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Diversifying business interests


Many such people choose the franchise route into running their own business because it seems an easier first step than setting up their own business from scratch. However, Martin Smith from Edinburgh seems to have taken the reverse approach. “I’d been running my own courier delivery business for nearly 10 years when I decided to take up a Jani-King franchise,” admits Martin.

Martin explains that he wanted to diversify his business interests because the margins in the courier industry are not as good as they were. His courier business runs itself now, and, with an operations manager and senior driver leading the team, he is able, almost, to take a back seat. Martin found he was bored, with too much time on his hands. “There is only so much daytime TV you can watch before your brain turns to pulp!” he jokes.

So Martin decided he needed to find another business outlet which he could run alongside the courier concern. Martin felt that going with a franchise for his second business would offer the best utilisation of his available time. He researched franchising for about 18 months before coming across Jani King.

Whilst a number of people are put off by the idea of working in the cleaning sector, once again Martin went against the trend. “I was looking for an industry that wasn’t just a fad,” he reveals. “Whilst cleaning isn’t the most glamorous sector, there’s truth in the old saying “Where there’s muck there’s money!” After Martin had looked at a variety of companies in the sector, he chose Jani-King because it was large, professionally-run and seemed to have all the attributes he needed.

Getting Started

Martin has realistic expectations about his Jani-King business, given that he can allocate to it about 70% of his work-time. He wanted to build up a reasonable level of turnover and set himself a profit target from his original investment. When he started the franchise in February 2005, growth was slower than he expected, but he reached his target within 18 months and is now turning over £20,000 per month.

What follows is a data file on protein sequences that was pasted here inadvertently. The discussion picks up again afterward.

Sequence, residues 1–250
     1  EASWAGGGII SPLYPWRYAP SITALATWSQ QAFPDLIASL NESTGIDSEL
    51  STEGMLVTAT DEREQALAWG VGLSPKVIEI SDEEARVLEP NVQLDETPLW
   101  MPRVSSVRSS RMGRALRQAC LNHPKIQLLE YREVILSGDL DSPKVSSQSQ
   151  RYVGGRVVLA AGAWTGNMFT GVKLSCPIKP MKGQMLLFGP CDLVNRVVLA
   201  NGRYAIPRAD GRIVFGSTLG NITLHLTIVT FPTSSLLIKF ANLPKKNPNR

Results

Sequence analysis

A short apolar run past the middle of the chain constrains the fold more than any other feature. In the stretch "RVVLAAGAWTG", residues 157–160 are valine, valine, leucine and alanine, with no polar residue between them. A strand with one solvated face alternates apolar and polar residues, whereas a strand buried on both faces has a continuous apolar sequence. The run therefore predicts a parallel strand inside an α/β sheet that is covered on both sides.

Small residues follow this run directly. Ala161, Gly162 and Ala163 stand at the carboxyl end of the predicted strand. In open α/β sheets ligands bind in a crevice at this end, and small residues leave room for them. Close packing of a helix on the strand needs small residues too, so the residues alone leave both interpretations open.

Another of Martin’s aims was to reach a point where he would be only managing the business rather than doing any of the cleaning himself. He believes he is almost there, having put in place a team of 20 part-time cleaners, two supervisors and one mobile cleaner. This leaves Martin free to focus on making customer visits, building relationships and checking quality. He is also at the end of the phone should any issues arise.

Like many Jani-King franchisees, Martin agrees that it’s important to know how to do the cleaning work yourself, rather than trying to delegate everything right from the start. “You can’t be fussy about getting your hands dirty,” the straight-talking Scot declares. “You need to be prepared to put your hand down a toilet, otherwise you’re in the wrong business!” The plus side of hands-on involvement is that Martin knows exactly how long it takes to clean each of his customers’ premises. “It means I can tell the cleaners – “Yes it IS possible to do the job in that time” when they complain I’m pushing them too hard,” he reveals.

Support from Jani-King

When you ask Martin what the differences are between running his own courier business and running his Jani-King franchise he admits “Not much!” Then he continues, “Profit margins are lower than with your own business, but then you get training and other help provided, so there are trade-offs.” For example, Jani-King gives its franchisees administration and accounting support through its Financial Management System. “They do regular reviews of your business and analyse how you are doing,” enthuses Martin. “They can pinpoint where you are falling down – it’s like having your own management accountant, something no small business could afford by itself.”